be·witch | \bi-ˈwich, bē-\
bewitched; bewitching; bewitches

Definition of bewitch 

transitive verb

1a : to influence or affect especially injuriously by witchcraft

b : to cast a spell over

2 : to attract as if by the power of witchcraft : enchant, fascinate bewitched by her beauty

intransitive verb

: to bewitch someone or something

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Other Words from bewitch

bewitchery \bi-ˈwi-ch(ə-)rē, bē- \ noun

Examples of bewitch in a Sentence

People believed the girls had been bewitched. a Wiccan who believes that it is indeed possible to bewitch someone

Recent Examples on the Web

The remains are men who all sort of look like Shrek when Shrek was bewitched into looking like a man. Rebecca Farley,, "The Bachelorette Season 14, Episode 7 Recap: Becca Picks A Supreme Court Nominee," 10 July 2018 Yet since April 26, the ‘paradise of the Philippines‘ hasn’t played host to the usual legions of tourists, bewitched by the Instagrammable images of its stunning vistas. Suyin Haynes, Time, "Boracay Islanders Feel the Pinch After the Philippines Shuts Down a Top Tourist Destination," 16 May 2018 Arnold, bewitched by her optimistic view of things, saw her as a necessary step in human evolution, a concept Ford eventually seems to have come around to. Spencer Kornhaber, The Atlantic, "Westworld: What's in 'The Valley Beyond'?," 29 Apr. 2018 This stance makes him exceptional among Latin American intellectuals, many of whom are still bewitched by anti-imperialism and socialism. The Economist, "Mario Vargas Llosa explains why his politics changed," 26 Apr. 2018 The origin of movement had bewitched some of history’s shrewdest minds: Alcmaeon, Plato, Aristotle, Posidonius, Al-Razi, Descartes, Newton, Franklin. Zach Schonbrun, New York Times, "How Do Athletes’ Brains Control Their Movements?," 13 Apr. 2018 The girlfriend in question was Stevie Nicks, who became the band’s bewitching front-woman and creative powerhouse during the group’s mid-’70s glory years. Jordan Runtagh,, "Lindsey Buckingham Reportedly Fired from Fleetwood Mac: 'The Band Wishes Lindsey All the Best'," 10 Apr. 2018 The pair talks about the dangers of smoking, as their young audience nods and murmurs, looking bewitched by the flamboyant puppets. Didem Tali, USA TODAY, "Woman-led puppet theater brings health education to Myanmar villages," 22 Mar. 2018 To illustrate the point, Langlands’s book offers a bewitching virtual tour of life in Medieval England. Sarah Archer, The Atlantic, "The Forgotten Everyday Origins of ‘Craft’," 25 Feb. 2018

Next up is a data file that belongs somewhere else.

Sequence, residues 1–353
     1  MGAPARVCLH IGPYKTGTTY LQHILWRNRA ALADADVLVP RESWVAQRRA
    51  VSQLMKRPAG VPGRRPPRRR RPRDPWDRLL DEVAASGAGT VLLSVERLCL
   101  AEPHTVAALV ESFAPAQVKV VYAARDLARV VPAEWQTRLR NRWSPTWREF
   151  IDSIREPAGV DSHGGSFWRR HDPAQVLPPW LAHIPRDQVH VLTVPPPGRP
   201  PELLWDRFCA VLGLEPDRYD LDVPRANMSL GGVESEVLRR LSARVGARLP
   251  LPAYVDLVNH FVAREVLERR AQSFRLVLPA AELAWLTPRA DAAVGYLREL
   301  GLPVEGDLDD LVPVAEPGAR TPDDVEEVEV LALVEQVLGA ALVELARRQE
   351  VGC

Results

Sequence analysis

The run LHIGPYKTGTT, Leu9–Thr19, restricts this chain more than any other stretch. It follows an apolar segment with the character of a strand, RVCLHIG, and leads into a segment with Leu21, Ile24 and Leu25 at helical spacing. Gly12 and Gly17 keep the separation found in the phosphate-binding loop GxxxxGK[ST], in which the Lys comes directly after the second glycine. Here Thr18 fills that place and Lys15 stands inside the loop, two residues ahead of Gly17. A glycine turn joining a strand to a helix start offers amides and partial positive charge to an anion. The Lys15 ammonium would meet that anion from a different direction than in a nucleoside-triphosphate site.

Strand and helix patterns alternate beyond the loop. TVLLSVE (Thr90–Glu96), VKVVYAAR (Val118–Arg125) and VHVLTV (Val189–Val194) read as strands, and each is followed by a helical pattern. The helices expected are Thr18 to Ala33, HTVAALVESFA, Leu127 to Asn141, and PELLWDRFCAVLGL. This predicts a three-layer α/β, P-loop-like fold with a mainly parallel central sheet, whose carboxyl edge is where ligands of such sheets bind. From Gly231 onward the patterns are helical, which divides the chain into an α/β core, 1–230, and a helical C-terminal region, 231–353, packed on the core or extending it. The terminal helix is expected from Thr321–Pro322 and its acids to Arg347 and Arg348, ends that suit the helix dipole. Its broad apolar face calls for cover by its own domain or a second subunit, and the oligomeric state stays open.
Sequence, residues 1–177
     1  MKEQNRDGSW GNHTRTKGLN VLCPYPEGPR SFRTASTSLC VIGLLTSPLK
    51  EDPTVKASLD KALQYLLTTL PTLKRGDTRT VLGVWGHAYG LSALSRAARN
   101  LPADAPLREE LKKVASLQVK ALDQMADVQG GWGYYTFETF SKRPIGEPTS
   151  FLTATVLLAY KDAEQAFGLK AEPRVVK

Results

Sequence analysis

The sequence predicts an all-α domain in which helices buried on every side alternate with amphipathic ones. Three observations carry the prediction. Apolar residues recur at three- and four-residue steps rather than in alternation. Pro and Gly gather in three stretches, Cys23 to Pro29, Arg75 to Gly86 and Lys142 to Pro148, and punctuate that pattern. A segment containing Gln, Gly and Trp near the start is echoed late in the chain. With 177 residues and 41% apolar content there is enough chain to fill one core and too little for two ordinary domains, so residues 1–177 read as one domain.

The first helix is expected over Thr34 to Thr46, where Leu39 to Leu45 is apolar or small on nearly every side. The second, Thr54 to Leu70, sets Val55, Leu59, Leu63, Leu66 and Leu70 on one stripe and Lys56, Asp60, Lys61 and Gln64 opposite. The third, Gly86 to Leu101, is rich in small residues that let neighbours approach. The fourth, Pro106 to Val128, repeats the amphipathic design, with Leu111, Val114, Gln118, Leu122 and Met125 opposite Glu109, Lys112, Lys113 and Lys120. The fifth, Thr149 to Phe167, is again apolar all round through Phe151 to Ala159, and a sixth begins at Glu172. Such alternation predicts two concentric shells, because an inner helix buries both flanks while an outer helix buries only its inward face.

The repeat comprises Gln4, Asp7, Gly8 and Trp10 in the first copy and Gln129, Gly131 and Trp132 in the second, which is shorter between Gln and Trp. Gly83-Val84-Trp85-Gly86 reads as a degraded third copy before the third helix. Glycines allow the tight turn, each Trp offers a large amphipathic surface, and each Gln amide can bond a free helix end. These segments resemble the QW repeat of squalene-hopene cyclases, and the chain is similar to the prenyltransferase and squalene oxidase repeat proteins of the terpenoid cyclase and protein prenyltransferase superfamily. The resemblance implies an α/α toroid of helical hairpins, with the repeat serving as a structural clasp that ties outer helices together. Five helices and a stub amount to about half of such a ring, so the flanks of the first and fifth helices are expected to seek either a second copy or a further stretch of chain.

These example sentences are selected automatically from various online news sources to reflect current usage of the word 'bewitch.' Views expressed in the examples do not represent the opinion of Merriam-Webster or its editors. Send us feedback.

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First Known Use of bewitch

13th century, in the meaning defined at transitive sense 1a

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Statistics for bewitch

Last Updated

21 Aug 2018

Look-up Popularity

Time Traveler for bewitch

The first known use of bewitch was in the 13th century

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More Definitions for bewitch



English Language Learners Definition of bewitch

: to use magic to make someone do, think, or say something : to put (someone) under a spell

: to attract or delight (someone) in a way that seems magical


be·witch | \bi-ˈwich \
bewitched; bewitching

Kids Definition of bewitch

1 : to gain an influence over by means of magic or witchcraft

2 : to attract or delight as if by magic

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Comments on bewitch

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